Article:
Play Live Radio
Next Up:
0:00 0:00
Available On Air Stations

State Considers Response To 3-Year-Old's Death

Leon County Judge John Cooper on June 30, 2022, in a screen grab from The Florida Channel.
Department of Children and Families
The Florida Channel
Leon County Judge John Cooper on June 30, 2022, in a screen grab from The Florida Channel.

A report by the state Department of Children and Families on the death of a 3-year-old Hollywood boy is prompting talk among policymakers about the next steps in fixing Florida's troubled child-protection system.

The report --- by what is known as the Critical Incident Rapid Response Team --- details a system-wide breakdown in protecting Ahziya Osceola, whose body was found March 19, hidden in the laundry room of his family's home.

"Collection and sharing of information and evidence occurred in 'silo' fashion and was both inconsistent and insufficient" among a variety of agencies, the report concluded. Those agencies included the Broward Sheriff's Office; ChildNet, a community-based care organization; the Office of the Attorney General, which provides children's legal services in Broward County; a child protection team administered by Broward's Human Services Department; and the Seminole Tribe, which included the boy.

The boy's injuries included blows to the abdomen that smashed his liver and pancreas, multiple bruises and a broken leg. His stepmother faces charges of aggravated manslaughter and giving false information to law enforcement about his disappearance. His father has been charged with child neglect.

"This was not a traditional family," Department of Children and Families Secretary Mike Carroll told The News Service of Florida. "You had multiple moms and multiple dads, multiple child-abuse history across the board."

The Critical Incident Rapid Response Team, or CIRRT, report, which was released last week, said Ahziya had been the subject of four child-protective investigations, none of which found him to be at risk in his father's home despite a pattern of bruising, reports to the state abuse hotline and his stepmother's previous history of child maltreatment.

Ahziya's birth mother, Karen Cypress, lost custody of him and her three other children following a January 2014 incident in which the boy was found wandering a hotel lobby while Cypress was "intoxicated" upstairs, according to the CIRRT report. The children went to live with their respective fathers. In Ahziya's case, noted the report, his father was considered the "non-offending parent," and his explanations for the boy's bruises were accepted by those responsible for protecting him.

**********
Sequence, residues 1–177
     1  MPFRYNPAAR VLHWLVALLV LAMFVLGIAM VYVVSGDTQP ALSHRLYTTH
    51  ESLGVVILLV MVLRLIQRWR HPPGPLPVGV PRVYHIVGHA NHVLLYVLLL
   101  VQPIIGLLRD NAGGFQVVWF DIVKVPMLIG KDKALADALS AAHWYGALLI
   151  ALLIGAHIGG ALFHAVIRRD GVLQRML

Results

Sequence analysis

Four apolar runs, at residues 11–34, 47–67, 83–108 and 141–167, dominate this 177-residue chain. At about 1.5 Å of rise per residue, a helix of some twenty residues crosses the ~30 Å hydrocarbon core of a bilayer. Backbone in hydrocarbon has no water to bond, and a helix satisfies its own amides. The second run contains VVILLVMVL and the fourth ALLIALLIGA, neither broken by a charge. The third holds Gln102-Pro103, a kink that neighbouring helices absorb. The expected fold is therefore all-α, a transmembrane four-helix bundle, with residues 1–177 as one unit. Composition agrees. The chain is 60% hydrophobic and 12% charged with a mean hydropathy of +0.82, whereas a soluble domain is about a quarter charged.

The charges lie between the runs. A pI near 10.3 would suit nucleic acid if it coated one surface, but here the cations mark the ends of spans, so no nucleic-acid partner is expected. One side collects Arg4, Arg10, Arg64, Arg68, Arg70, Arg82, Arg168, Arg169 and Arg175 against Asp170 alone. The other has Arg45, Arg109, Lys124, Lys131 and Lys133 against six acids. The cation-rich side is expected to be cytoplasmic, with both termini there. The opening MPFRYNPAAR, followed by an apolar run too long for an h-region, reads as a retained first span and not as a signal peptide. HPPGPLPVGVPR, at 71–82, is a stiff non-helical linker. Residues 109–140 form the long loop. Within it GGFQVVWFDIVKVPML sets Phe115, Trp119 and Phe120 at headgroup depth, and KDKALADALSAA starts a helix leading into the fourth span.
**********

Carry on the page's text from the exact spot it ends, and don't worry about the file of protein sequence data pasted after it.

"There was insufficient assessment of Ahziya's safety while in his father's care," the CIRRT report found. "This occurred during individual investigations, over the period of time when yet more reports were received at the hotline with similar allegations of abuse, as well as during ongoing court-ordered case management. This included occurrences of new injuries being observed, a pattern of repeat injuries and inconsistencies between parent/caregivers' statements regarding the origins of the injuries."

Sen. Eleanor Sobel, a Hollywood Democrat and chairwoman of the Senate Children, Families and Elder Affairs Committee, said the boy was "beaten to death."

Even before the CIRRT report was out, Sobel said during an April 9 committee meeting that she wanted to review the state's child-welfare arrangements with the Seminole Tribe, to which the boy and his family belonged. Seminole Family Services had been handling Ahziya's case jointly with ChildNet, the lead community-based care agency in the region. After ChildNet terminated services to the boy in September, Seminole Family Services alone handled his case.

Although Ahziya's death occurred in a home on state land and not on tribal property, the question of Seminole sovereignty complicates any potential solution.

"You turn over a kid who is living in our nation for services to another nation," Sobel said. "It becomes very complex."

Sobel was displeased that neither the Seminoles nor the Broward Sheriff's Office, which had conducted the child protective investigations in Ahziya's case, appeared at the April 9 meeting.

Carroll said Friday he would reach out to the Seminoles "directly."

"We have got to iron out a better way to make sure that we're sharing information in a timely way, in a way that would most impact and be in the best interests of the children that we're mutually serving," he said. "We will work with the tribe and make sure that happens."

Andrew Frank, a professor at Florida State University whose specialty is Seminole Indian culture, suggested that the tribe would welcome such an approach.

"I would imagine they have a very strong desire to find ways to make sure that their children are taken care of," Frank said, noting that Ahziya's death was as shocking to the tribe as it was elsewhere in the state.

Seminoles spokesman Gary Bitner said the tribe is reviewing the CIRRT report.